After six movies spanning thirty years, a number of title defenses, as well as a series of impossible victories, what was left for the Rocky universe?
I actually had a similar idea about twenty years ago – continue the boxing story with one of Apollo’s sons. It’s the logical move. In Rocky Balboa (2006), we see that Rocky’s only son, Robert (Milo Ventimiglia), works in some corporate job, so it’s not like he’s going to put on the gloves. I thought Steps (James Francis Kelly III) might’ve been introduced as a backdoor character – a way to continue the franchise, if desired. But obviously that didn’t occur.
That leaves introducing a character unconnected to the universe, or spinning off from one of the existing characters. Paulie (Burt Young) is unmarried and childless, we don’t see if Mickey (Burgess Meredith) has family (although I guess they could’ve span out some grandchild, or great-grandchild), and Apollo aside, Rocky’s other opponents throughout the series have no connection to him outside of being his opponent. Apollo, on the other hand, is never the traditional antagonist, ends up becoming Rocky’s best friend, and for – real gravitas – dies in Rocky’s arms. Apollo’s the perfect candidate – well, at least his family is.
We briefly see his kids (as young children) running around in Rocky II (1979) but if we’re honouring real time – the timeline in the franchise has always been this bizarre hybrid of real time and movie time – were probably considered too old to carry on the story in Creed, which takes place 36 years later. So somebody new is needed – somebody born around the time of Apollo’s death (although this would make his son about thirty during the time of Creed. Jordan himself would’ve been 27 when they made the film).
Enter Apollo’s unseen mistress, who gave birth to his illegitimate child.
This is not something I get, and which I feel depreciates Apollo’s legacy. Now, whenever I rewatch the original movies, I’ll be looking at him as an adulterer. Couldn’t they have made his wife Mary Anne – played by Sylvia Meals in Rocky II and Rocky IV (1985) – pregnant at the time of his death? Doesn’t that heighten the tragedy? (I’ve covered the way I would’ve written it in a 2016 blog here.)
In any case, Creed was extremely well received, although I don’t understand why. Is it a bad movie? No. Is it a good movie? Well, I don’t think so – at least not commensurate with the adulation it’s received. At best, it’s typical of the contemporary reboot – it replays the beats of its predecessor (without understanding why the beats worked), and tries to recapture lightning in a bottle.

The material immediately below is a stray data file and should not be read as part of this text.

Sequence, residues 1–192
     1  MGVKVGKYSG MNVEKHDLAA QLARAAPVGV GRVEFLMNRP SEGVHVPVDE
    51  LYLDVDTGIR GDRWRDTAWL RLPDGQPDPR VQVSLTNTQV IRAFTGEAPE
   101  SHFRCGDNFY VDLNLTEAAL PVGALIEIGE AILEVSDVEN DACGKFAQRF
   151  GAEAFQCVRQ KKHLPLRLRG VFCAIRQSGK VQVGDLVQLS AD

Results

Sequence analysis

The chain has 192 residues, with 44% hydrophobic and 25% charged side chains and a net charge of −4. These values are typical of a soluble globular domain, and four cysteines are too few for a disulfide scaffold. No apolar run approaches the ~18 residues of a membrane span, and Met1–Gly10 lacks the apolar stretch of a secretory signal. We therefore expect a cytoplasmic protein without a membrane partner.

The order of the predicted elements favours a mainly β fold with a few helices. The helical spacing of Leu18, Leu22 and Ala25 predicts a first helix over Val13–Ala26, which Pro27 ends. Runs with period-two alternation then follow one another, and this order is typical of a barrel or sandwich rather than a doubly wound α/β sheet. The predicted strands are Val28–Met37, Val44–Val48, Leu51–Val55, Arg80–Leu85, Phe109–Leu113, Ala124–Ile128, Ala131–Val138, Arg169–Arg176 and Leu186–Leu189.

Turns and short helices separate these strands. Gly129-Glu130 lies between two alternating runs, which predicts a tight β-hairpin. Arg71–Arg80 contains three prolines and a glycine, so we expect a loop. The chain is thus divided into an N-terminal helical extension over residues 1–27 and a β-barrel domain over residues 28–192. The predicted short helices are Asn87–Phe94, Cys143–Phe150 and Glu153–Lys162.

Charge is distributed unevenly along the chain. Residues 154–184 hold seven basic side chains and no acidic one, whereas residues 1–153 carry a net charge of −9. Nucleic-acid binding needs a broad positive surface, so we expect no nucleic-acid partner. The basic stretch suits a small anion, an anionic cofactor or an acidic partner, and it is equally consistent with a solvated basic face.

Good luck with that.
|Rocky is an aging club fighter who’s working as an enforcer for a loanshark. He lives in a dingy flat, his best friend is a grump, and he’s infatuated with Adrian, who works at the pet shop, although she doesn’t respond to most of his solicitations. He’s somebody making do as best as he can.
When Apollo Creed – the world heavyweight champion – needs an opponent on short notice for a highly-promoted championship bout and the other contenders decline, Apollo decides to go with a novelty: Rocky.
Rocky is wary. He tells the promoter he’s just a ‘club fighter’. But the promoter convinces him to take the fight.
Mickey Goldmill, who owns the gym where Rocky trains, comes to Rocky and offers to train him. Rocky spurns him due to an argument they’ve had earlier, but then decides to accept. He trains vigorously (and unconventionally) to prepare for the defining moment in his otherwise unspectacular and underachieving life.
|An a young teen, Adonis Johnson lands in a youth detention centre. Apollo’s widow, Mary Anne, decides to take him in.
As an adult, Adonis decides to quit his (unspecified) white-collar job at the Smith Boardley Financial Group to pursue a career as a boxer. He travels to Philadelphia, and entreats Rocky to train him.
When Adonis’s identity as Apollo’s son emerges, the boxing world is abuzz. Champion Ricky Conlan breaks his opponent’s jaw at a weigh-in, and a replacement is needed.
Due to Adonis’s lineage and the hype around him being Apollo’s son, the spot is offered to Adonis, albeit under the proviso that he fights under the name of ‘Adonis Creed’.
Adonis accepts, seeing an opportunity to escape his father’s shadow and make a name for himself.
The bulk of sporting movies employ a simple formula: an underdog battles their way to the top and takes on the champion. Nobody wants to see a movie about a champion remaining champion. There’s no journey in that. Stallone himself recognised that. In Rocky (1976), he’s the one-in-a-million shot against Apollo. In Rocky II, it’s a rematch against Apollo, who’s determined to prove the first fight was a fluke. In Rocky III (1982), a younger, hungrier, stronger challenger, Clubber Lang (Mr T), pulverises Rocky, and odds (and age) are against Rocky winning a rematch. In Rocky IV, a seven-foot tall, steroid-using, Olympic-gold-medal-winning, undefeated amateur-champion Russian, Ivan Drago (Dolph Lundgren), punches Apollo to death, and would seem an impossible opponent. Rocky V employs a different dynamic – the pupil, Tommy ‘Machine’ Gunn (Tommy Morrison) turns against the teacher – but Stallone still handicaps Rocky with brain damage. In Rocky Balboa (2006), an aged Rocky fights champion Mason ‘The Line’ Dixon (Antonio Tarver), who’s dominated the heavyweight division to the point there are no legitimate contenders remaining.
Step outside the Rocky universe, and you’ll find other examples. Miracle (2004) – based on a true story – sees the US ice hockey team take on the dominant and feared Russian team. Every Mighty Ducks movie – The Mighty Ducks (1992), D2: The Mighty Ducks (1994), and D3: The Mighty Ducks (1996) – features the misfit Ducks taking on a more-fancied opponent. The Natural (1984) is about prodigiously talented player, Roy Hobbs (Robert Redford), battling corruption, age, and a life-threatening injury just so he can have a shot at major-league baseball. Moneyball (2011) – another one based on a true story – is about the Oakland Athletics trying to compete with richer clubs. On this list goes.